• Launching of multiple nodes,
  • Remapping of topics,
  • Grouping of nodes to namespaces,
  • Better handling of parameters/arguments as shown below.

The xml file can include tag elements:

  • <launch> - root element
  • <node> - element that starts a new node with parameters such as: name - custom unique name of node, pkg - package of the node, type - name of the executable of the node, output - either output to screen or log file , respawn - restart the node if terminated, required - terminates other nodes in launchfile if this node is terminated.
  • <arg> - argument of a launch file,
  • <include> - element for including (starting) other launch files,
  • <param> - to set parameters (described in following section),
  • <rosparam> - to load yaml file with parameters (described in following section),
  • <group> - to group individual nodes together into one namespace (e.g., /camera/…).

ROS Parameter

You can pass parameters to ROS nodes (and thus change the node behaviour) in different ways:

  • You can provide arguments to nodes using command line: rosrun <package> <node> arg1:=value1 arg2:=value2
  • A better way is to set the parameters in the launch file <param name=“arg1” value=“value1”/>. You can specify either private parameters inside <node …> </node> tags or global parameters outside the node.
  • The ultimate option is to use yaml file which is loaded in the launch file using <rosparam file=“$(find my_package)/config/my_params.yaml” />, again either inside node or outside.

Once you have your python node you can load your private/global params using:

private_parameter = rospy.get_param("~private_parameter")
global_parameter = rospy.get_param("/global_parameter")

Notice the list of parameters printed to terminal when you start a node.

TF (transform system)

TF is a ROS library for working with transformations between frames of reference. TF allows you to get, e.g., a position of a robot from any time by linear interpolation between measurements of the position. Moreover, it allows to create even complicated chains of transformations and expressing the position in any of the reference frames in the chain. For example, it allows you to get position in GPS coordinate frame of some object detected in camera measurement.

Once you run the turtlebot simulation try to:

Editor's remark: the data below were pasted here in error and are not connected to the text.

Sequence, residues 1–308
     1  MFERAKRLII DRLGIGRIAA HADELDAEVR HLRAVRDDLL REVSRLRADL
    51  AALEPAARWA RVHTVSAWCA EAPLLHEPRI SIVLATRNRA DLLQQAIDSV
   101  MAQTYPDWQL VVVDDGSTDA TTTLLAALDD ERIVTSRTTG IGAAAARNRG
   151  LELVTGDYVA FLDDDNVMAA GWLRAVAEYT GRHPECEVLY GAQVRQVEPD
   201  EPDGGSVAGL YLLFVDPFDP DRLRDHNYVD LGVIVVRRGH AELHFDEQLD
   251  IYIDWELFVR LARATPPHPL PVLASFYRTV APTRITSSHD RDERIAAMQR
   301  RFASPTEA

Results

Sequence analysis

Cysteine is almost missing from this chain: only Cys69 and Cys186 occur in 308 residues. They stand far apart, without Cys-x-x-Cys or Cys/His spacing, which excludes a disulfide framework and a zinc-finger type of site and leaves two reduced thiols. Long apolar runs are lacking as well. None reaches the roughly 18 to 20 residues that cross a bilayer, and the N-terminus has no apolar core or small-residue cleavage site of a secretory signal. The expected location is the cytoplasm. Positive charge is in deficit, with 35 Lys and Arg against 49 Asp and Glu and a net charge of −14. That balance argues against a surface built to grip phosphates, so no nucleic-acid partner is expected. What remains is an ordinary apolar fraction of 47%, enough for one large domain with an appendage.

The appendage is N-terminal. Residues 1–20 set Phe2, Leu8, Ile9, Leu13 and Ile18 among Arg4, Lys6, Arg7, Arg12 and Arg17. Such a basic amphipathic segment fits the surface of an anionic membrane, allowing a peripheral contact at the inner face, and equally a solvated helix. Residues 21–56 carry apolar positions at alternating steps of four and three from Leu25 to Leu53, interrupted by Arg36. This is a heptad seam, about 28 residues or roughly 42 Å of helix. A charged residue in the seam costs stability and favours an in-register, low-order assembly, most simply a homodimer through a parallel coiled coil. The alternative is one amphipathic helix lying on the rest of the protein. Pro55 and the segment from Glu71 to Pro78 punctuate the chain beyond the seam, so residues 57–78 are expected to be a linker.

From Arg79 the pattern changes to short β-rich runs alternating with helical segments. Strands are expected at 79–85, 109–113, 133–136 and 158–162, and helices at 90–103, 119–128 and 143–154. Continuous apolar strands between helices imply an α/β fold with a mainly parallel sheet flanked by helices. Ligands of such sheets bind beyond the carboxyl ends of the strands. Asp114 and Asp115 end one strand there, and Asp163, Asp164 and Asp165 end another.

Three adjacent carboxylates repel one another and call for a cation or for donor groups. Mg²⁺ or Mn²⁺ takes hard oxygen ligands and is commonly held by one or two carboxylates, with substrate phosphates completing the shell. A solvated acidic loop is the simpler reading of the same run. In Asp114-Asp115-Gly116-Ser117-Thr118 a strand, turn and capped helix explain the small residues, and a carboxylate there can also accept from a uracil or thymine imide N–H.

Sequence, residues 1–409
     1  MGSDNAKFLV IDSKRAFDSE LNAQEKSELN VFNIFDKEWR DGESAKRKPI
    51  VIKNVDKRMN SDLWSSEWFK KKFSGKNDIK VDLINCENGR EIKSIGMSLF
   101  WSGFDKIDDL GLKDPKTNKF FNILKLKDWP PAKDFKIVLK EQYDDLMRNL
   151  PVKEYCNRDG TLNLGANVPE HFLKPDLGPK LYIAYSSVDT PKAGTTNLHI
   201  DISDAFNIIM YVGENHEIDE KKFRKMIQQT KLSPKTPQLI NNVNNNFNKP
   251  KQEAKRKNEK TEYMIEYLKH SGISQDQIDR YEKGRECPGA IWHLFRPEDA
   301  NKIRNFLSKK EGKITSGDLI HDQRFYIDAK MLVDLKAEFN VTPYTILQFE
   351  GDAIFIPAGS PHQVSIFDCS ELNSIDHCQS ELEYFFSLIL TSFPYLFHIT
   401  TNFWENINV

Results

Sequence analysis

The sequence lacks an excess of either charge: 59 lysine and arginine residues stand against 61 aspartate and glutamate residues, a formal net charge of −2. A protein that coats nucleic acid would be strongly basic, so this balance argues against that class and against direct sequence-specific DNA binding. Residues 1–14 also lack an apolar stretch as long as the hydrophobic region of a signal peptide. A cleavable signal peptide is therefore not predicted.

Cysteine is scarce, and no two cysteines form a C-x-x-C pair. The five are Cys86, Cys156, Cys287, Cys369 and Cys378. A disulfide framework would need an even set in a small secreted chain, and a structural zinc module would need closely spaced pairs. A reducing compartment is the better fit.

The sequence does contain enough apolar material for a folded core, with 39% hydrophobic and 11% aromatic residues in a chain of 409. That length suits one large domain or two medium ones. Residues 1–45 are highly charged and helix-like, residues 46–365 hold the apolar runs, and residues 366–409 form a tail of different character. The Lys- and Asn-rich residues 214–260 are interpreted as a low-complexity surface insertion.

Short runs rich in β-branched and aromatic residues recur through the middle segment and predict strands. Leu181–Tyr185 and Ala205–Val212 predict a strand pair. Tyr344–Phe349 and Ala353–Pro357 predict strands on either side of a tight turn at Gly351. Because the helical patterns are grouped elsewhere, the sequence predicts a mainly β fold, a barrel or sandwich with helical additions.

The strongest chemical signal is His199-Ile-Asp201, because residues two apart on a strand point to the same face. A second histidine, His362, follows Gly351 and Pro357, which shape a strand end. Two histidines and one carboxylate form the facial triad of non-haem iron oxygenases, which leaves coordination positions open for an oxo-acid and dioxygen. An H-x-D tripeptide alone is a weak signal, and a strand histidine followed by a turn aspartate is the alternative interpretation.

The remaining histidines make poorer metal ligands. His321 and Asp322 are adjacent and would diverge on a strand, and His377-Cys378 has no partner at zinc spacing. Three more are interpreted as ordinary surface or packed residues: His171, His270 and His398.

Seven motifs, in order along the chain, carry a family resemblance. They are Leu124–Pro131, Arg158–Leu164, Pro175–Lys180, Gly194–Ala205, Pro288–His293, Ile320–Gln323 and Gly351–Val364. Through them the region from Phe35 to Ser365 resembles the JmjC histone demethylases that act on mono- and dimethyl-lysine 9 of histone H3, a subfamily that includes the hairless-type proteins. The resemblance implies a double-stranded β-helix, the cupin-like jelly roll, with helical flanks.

• run rostopic echo /tf in terminal to see the published transformations,
  • visualize the tf tree in rqt in top menu Plugins→Visualization→TF Tree or by command rosrun rqt_tf_tree rqt_tf_tree.

ROS numpy

Library ros_numpy includes tools for a convenient conversion of ROS messages to and from numpy arrays. The library contains two main functions numpify and msgify:

arr = numpify(msg, ...) # tries to get a numpy object from a ROS message
msg = msgify(MessageType, arr, ...) # tries to convert a numpy object to a ROS message

Currently, the supported type of messages are OccupancyGrid, Vector3, Point, Quaternion, Transform, Pose from geometry_msgs package, and PointCloud2 and Image from sensor_msgs package. Notice, that you can also directly use the internal functions for particular types such as ros_numpy.geometry.point_to_numpy to get numpy vector from geometry_msgs/Point.

Lab task

Implement a simple service client node and service server node in Python ROS tutorial. Both can be placed inside the aro_reactive_control/scripts of the student-packages.

  1. Implement a node with a service server inside that creates service '/activate' with SetBool type. The node will print every one second the last value received through the service.
  2. Launch the node using rosrun.
  3. Implement service client inside that calls service '/activate' with SetBool type every ten seconds and inverts the sent True/False value.
  4. Launch the publisher using rosrun.

Homework 2 assignment

Follow the assignment of the homework HW2.

courses/aro/tutorials/lab02.txt · Last modified: 2024/02/25 22:37 by penicrob